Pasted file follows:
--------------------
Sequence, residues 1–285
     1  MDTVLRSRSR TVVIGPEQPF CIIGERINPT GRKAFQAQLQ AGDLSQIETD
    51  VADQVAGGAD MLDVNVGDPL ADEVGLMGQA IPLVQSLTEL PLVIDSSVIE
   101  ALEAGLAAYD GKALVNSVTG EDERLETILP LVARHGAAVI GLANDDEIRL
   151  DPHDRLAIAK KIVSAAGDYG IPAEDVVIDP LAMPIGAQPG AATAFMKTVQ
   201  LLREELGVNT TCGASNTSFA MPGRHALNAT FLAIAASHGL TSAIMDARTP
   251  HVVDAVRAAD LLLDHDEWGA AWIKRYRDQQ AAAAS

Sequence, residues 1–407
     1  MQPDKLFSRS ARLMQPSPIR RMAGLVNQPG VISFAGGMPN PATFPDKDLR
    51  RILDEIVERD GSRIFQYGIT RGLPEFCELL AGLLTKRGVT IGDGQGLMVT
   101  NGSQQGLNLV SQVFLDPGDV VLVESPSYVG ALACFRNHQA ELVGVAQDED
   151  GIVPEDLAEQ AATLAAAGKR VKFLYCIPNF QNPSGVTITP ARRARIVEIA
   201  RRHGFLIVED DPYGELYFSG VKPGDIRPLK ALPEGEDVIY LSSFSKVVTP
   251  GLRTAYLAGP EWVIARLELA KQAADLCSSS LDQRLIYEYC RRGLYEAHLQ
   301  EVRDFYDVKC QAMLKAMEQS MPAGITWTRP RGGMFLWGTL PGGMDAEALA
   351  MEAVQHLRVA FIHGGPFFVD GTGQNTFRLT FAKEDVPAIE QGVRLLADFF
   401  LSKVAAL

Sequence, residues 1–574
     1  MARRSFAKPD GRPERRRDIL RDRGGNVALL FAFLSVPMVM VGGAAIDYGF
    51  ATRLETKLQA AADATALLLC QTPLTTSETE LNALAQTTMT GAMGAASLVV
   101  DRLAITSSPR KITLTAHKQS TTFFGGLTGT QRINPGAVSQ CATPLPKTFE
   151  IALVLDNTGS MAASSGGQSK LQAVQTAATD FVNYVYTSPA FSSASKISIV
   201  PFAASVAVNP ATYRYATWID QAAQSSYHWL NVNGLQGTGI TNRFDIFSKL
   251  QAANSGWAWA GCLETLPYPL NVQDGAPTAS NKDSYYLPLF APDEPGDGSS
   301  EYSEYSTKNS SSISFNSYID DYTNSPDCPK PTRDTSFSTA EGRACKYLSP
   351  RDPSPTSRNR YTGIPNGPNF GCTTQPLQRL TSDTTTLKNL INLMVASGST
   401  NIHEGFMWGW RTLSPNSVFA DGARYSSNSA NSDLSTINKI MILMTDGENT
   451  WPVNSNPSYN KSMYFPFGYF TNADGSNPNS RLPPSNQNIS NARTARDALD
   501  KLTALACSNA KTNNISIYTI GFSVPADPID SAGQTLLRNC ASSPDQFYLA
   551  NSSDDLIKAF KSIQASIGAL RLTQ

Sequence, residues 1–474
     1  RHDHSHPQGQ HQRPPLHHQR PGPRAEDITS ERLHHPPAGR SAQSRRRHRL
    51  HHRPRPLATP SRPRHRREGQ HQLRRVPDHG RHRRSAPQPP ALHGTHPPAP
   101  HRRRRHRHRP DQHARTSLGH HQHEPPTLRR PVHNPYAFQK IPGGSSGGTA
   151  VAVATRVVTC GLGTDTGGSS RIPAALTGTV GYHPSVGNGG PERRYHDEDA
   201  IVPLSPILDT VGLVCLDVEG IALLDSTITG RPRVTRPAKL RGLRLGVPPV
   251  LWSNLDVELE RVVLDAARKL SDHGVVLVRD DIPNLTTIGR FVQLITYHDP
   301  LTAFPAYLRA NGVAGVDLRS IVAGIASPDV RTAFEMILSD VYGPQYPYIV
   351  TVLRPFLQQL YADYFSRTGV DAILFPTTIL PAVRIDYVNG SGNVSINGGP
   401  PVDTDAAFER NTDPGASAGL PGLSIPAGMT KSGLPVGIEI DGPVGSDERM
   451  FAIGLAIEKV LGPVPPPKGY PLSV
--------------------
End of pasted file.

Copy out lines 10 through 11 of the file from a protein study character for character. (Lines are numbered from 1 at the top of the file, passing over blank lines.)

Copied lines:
    51  RILDEIVERD GSRIFQYGIT RGLPEFCELL AGLLTKRGVT IGDGQGLMVT
   101  NGSQQGLNLV SQVFLDPGDV VLVESPSYVG ALACFRNHQA ELVGVAQDED